Saturday, 29 November 2014
Plebgate et al: what is it about bikes?
When last Tuesday I went to the church in Leeds where we run classes of English for Speakers of other Languages (ESOL) for immigrants and asylum seekers, there was a bicycle chained to the rail by the South Door. I thought little of it: it certainly didn't impede access. But half an hour later the caretaker interrupted my class to demand if it belonged to anyone and a young Somali chap said it was his (given later events in the week I might have thought "pleaded guilty.") He was asked to move it and did so without any fuss, though for all I know he may have muttered a few Somalian imprecations under his breath.
Then last night I rode my own bicycle to the little amateur theatre where the drama group to which I belong operates. I was there to help with the bar rather than to watch the performance, so arrived early. Normally I chain my bike to a drainpipe outside, but as there was a slight drizzle I took it inside and parked it in the lobby. No-one complained, even though, with my glasses covered in rain-drops I couldn't see very clearly and, in manoeuvring the bike accidentally knocked the star from the top of the Christmas tree. Indeed, people seemed to think this rather a joke, and the house manager for the evening, a gifted young cartoonist, quite cheerfully climbed onto a chair to put it back again amid general merriment.
However, shortly before the performance began our president asked me to move the bike. I explained that I'd brought it inside in order to avoid a wet saddle, which I believe can lead to piles, and was invited to store it back stage. This involved getting it through a door way with a heavy door, then wriggling it round a corner and down some steps. It was difficult enough with the help of the gifted young cartoonist (who felt that the bike by the Christmas tree enhanced our lobby with the air of a John Lewis advert) and even more difficult getting it out again at the end of the performance when, after remaining behind fora bit of washing up, there was no one around to help. However both operations were carried out without any ill feeling or bad language.
Not so poor Andrew Mitchell, ex-Tory minister, who some two years ago was prevented by a policeman from riding his bike through the main gate of Downing Street, which he claims he normally did, and ordered by a policeman to wheel it through a side gate. Strangely enough it was not that in the resulting angry exchanges Mitchell used some very rude adjectives beginning with f. . . that resulted in a court action, but that he allegedly called the policemen "a pleb."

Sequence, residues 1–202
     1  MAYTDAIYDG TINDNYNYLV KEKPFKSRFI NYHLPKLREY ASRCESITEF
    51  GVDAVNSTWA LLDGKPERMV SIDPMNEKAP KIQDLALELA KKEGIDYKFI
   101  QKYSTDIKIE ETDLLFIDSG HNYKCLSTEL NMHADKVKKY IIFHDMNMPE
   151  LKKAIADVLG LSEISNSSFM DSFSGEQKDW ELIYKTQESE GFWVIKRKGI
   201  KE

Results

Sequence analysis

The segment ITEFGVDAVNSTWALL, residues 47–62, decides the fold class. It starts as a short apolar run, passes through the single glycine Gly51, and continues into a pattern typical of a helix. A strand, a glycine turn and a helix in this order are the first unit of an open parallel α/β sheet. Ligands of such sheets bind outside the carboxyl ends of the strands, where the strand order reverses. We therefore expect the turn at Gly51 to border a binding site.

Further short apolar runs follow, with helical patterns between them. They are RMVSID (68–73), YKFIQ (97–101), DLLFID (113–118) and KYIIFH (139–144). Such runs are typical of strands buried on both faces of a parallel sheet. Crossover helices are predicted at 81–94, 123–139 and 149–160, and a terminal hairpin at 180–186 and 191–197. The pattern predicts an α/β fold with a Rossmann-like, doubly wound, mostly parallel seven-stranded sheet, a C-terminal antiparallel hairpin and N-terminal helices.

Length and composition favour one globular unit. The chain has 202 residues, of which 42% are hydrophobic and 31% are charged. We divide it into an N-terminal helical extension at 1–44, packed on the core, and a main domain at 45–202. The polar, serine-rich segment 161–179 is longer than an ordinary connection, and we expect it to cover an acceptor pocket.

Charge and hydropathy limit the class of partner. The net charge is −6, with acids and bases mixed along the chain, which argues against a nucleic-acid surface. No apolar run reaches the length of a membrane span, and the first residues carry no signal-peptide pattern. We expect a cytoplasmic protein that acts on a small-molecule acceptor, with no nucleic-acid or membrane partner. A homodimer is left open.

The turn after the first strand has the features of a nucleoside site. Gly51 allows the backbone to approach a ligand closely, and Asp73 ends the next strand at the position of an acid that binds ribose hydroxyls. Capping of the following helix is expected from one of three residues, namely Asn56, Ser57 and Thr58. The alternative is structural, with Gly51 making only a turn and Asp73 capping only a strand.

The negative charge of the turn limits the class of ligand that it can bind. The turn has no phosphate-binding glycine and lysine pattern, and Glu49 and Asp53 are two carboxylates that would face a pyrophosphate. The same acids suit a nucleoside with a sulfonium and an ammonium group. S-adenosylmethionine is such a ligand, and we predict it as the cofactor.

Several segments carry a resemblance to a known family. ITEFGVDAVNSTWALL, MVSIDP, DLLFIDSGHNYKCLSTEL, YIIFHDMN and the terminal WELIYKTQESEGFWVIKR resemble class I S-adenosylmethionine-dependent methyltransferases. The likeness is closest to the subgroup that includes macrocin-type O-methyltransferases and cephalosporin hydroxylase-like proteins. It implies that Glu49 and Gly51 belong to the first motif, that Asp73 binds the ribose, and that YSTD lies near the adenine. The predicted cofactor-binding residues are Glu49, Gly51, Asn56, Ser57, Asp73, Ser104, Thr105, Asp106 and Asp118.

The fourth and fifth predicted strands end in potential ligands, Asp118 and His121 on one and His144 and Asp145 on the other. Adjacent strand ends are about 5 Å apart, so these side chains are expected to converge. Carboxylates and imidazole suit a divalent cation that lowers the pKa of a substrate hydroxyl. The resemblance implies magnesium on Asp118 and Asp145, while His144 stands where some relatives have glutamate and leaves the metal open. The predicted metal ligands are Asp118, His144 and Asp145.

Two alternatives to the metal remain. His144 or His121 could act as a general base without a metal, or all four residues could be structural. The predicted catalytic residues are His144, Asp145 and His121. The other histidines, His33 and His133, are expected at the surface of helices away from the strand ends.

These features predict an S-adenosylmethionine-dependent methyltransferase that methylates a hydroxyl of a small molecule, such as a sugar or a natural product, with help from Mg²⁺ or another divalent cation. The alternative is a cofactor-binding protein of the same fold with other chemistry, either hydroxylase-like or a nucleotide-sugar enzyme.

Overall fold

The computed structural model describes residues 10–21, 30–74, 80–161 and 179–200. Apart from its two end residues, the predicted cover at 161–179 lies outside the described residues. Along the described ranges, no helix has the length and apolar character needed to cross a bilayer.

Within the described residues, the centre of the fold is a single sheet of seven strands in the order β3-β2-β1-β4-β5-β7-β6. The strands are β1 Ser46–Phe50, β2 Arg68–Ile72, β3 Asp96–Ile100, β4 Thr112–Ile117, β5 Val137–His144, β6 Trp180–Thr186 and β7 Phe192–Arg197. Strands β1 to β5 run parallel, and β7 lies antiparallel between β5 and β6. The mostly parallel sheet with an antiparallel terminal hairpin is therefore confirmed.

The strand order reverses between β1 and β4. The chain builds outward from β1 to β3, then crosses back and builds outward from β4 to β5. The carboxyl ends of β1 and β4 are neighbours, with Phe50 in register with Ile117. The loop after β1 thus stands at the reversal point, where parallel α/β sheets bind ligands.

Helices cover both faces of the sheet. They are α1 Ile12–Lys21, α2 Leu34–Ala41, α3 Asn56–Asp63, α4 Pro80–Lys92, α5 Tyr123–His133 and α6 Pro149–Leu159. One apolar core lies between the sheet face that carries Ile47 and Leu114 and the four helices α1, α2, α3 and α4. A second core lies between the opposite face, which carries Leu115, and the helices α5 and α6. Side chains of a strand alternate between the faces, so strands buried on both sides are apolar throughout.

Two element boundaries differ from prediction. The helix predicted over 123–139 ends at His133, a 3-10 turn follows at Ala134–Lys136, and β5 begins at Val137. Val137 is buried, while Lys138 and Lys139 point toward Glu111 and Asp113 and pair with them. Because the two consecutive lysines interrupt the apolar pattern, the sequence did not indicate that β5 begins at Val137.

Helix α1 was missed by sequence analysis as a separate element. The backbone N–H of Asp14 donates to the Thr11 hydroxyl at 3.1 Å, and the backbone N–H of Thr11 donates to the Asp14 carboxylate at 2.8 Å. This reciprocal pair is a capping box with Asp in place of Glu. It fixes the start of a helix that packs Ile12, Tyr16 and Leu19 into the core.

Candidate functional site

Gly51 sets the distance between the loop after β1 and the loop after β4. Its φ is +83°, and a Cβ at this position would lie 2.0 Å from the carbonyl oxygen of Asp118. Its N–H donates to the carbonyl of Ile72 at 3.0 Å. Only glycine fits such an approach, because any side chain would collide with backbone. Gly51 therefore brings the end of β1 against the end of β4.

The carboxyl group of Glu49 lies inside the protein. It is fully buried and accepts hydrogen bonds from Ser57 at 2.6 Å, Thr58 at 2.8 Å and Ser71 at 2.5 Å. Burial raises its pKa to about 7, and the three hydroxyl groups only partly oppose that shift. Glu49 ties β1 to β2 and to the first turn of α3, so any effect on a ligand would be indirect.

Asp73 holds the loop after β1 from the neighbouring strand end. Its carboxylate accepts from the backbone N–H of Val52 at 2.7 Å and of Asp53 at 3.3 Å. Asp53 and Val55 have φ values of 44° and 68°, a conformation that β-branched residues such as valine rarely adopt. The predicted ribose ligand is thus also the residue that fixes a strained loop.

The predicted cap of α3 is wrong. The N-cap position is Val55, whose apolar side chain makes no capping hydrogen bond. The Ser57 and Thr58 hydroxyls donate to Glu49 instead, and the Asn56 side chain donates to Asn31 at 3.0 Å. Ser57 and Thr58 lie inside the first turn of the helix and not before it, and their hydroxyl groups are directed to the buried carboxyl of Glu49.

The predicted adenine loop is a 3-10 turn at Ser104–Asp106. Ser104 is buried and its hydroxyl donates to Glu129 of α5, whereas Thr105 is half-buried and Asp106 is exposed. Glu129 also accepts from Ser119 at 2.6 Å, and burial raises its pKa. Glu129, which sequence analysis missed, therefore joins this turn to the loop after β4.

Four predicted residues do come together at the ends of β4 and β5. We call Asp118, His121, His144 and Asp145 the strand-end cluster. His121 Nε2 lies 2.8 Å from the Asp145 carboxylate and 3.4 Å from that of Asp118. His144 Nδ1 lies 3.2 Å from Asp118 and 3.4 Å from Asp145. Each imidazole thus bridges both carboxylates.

A judge has ruled that he probably did, and he's probably right, since, although "pleb" is not used as a term of abuse by most of us, I'm told it is so used in some of our posher public (ie private and fee-paying) schools, and Mitchell went to Rugby, the one made famous by "Tom Brown's Schooldays."
In coming to his decision the judge claimed that the offended policeman" "would not have had the wit [or the] imagination. . . ." to invent the disputed term. Frankly I'd find that rather more insulting than being called a pleb.
As another Tory MP has pointed out, had Mitchell left Downing Street in the official chauffeur-driven car to which he is entitled none of this would have happened, and he wouldn't be saddled with the loss of his reputation (he was quite a well respected and effective Secretary of State for Overseas Development) or saddled with a ludicrous £1.5 million legal bill.
Just what is it that make people "clothed in a little brief authority" want to take it out on cyclists?